module specification

TR6051 - Theoretical Aspects of Translation (2017/18)

Module specification Module approved to run in 2017/18
Module title Theoretical Aspects of Translation
Module level Honours (06)
Credit rating for module 15
School Guildhall School of Business and Law
Total study hours 150
30 hours Scheduled learning & teaching activities
120 hours Guided independent study
Assessment components
Type Weighting Qualifying mark Description
Oral Examination 40%   15 minute oral presentation with 500 word written support
Coursework 60%   Essay of 2500 words comparing two translation theories
Running in 2017/18
Period Campus Day Time Module Leader
Autumn semester North Tuesday Evening

Module summary

This module is a generic, non language-specific module which focuses on students’ knowledge of the main theoretical trends and approaches in translation. It facilitates students’ grasp of the main translation theories, and addresses the role of theory in shaping translation practice. Throughout, students are requested to evaluate different translation theories and reflect critically on how these theories support the translator. Seminar discussion and student presentations will address questions such as: Are all theories useful for all kinds of translation? What aspects of translation do specific theories address? How does translation theory influence the translation product? In which context do the theories operate?

Prior learning requirements

TR5001   Translation Process and Procedures

Module aims

This module aims:
1. To consolidate students’ knowledge of translation theory and its relation to translation practice.
2. To familiarise students with the main and latest translation theories and approaches, their principles and their various notions and concepts.
3. To evaluate the merits of different translation theories and reflect critically on their impact on the translation process.
4. To develop students’ awareness of the contexts in which each translation theory is applied (appropriateness to specific briefs and texts).


Main principles of linguistic approaches 1: Catford
Main principles of linguistic approaches 2: Vinay & Darbelnet
Main principles of functional / Skopos approaches
Main principles of text-linguistic approaches
Main principles of systems theories
Norms in translation
Equivalent effect
Cultural approaches: invisibility – Domesticating – Foreignising
Main principles of gender oriented approaches to translation
Main principles of postcolonial approaches

Learning and teaching

The learning and teaching strategy for the module is a flexible approach that combines face-to-face teaching/learning with remote learning via WebLearn. All lecture notes, reading materials and detailed information on the topics are made available on WebLearn and students are expected to read extensively round the topic and come prepared for discussion in class. Students are presented with the main translation theories during the lectures. These are then discussed in smaller groups during seminar sessions where students have an opportunity to present their critical evaluations of the theories discussed and receive feedback from their peers and the lecturer.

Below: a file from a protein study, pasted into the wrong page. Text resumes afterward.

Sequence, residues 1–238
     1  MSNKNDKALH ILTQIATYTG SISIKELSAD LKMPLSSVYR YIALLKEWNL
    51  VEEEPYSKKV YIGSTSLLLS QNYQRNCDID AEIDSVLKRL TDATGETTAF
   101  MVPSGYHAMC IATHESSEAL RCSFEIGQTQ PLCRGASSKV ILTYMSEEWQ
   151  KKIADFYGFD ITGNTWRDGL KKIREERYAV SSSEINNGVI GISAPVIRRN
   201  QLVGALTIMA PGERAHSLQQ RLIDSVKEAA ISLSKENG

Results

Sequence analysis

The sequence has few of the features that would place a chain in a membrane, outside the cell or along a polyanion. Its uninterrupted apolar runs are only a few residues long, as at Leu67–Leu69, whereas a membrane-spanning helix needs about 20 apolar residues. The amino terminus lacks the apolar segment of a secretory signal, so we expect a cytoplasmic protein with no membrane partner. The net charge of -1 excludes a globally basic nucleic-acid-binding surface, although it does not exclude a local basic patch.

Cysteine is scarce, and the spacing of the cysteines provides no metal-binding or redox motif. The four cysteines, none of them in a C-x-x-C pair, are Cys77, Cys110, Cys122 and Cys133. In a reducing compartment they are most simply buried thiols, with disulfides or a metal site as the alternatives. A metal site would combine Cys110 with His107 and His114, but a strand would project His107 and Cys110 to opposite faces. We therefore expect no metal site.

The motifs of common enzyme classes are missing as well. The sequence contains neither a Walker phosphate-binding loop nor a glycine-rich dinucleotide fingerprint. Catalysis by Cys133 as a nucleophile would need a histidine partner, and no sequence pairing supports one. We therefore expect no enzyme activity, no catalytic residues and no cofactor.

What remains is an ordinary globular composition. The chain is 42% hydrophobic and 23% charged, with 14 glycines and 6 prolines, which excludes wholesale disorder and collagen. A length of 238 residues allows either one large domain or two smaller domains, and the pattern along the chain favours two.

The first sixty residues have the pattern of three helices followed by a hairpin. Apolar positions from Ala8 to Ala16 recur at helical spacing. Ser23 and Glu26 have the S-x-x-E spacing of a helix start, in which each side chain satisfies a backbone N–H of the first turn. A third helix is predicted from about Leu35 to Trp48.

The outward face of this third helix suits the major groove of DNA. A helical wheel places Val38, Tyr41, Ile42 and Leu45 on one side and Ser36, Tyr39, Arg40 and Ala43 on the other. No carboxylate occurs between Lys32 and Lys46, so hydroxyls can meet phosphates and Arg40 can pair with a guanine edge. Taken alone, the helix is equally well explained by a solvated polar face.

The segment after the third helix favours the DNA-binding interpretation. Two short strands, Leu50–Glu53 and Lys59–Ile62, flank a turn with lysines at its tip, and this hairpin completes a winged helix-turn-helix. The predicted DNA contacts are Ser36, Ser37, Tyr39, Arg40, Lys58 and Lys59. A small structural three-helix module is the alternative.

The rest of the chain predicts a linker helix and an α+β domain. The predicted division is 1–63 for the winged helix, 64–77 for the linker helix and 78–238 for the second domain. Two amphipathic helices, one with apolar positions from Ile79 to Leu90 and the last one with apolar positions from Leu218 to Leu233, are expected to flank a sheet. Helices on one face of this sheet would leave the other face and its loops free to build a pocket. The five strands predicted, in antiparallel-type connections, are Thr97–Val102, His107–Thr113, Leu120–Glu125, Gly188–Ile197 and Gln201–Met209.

Learning outcomes

On successful completion of this module, students will be able to:
1. Explain and analyse the relevance of translation theory to translation practice and its impact on it.
2. Discuss the main theoretical approaches to translation and their contribution to translation theory.
3.  Assess, compare and evaluate different translation approaches and reflect critically on their impact on the translation process.
4.  Select and appropriately apply different translation theories to specific contexts, determining which translation theory applies to which brief and text.

Assessment strategy

Students prepare a 15 minute seminar presentation in which they discuss aspects of a translation theory chosen from the weekly oral presentations. For the written support, they choose a 200 word source text and discuss the suitability of the translation theory for the translation of the chosen text and how the theory informs translation procedures and solutions. In addition, students are expected to provide a 500 word written document as supporting evidence of the research undertaken.
At the end of the module, they write an essay of 2500 words comparing two translation theories and their impact on / relevance for translation practice.


Baker, Mona  (ed) Critical Readings in Translation Studies  (London: Routledge, 2009 )

Baker, Mona, Routledge Encyclopedia of Translation Studies (London: Routledge, 1998)

Gentzler, E., Contemporary Translation Theories, (London: Multilingual Matters, 2001)

Hatim, B., Teaching and Researching Translation. (London: Routledge, 2001) 

Munday, Jeremy,  Introducing Translation Studies, Theories and Applications (London: Routledge, 2nd ed. 2008)

Munday, Jeremy (ed) The Routledge companion to translation studies (London ; New York : Routledge, 2009)

Pym, Anthony, Exploring Translation Theories (London: Routledge, 2009 )

Venuti, Lawrence (ed), The Translation Studies Reader (London: Routledge, 2000)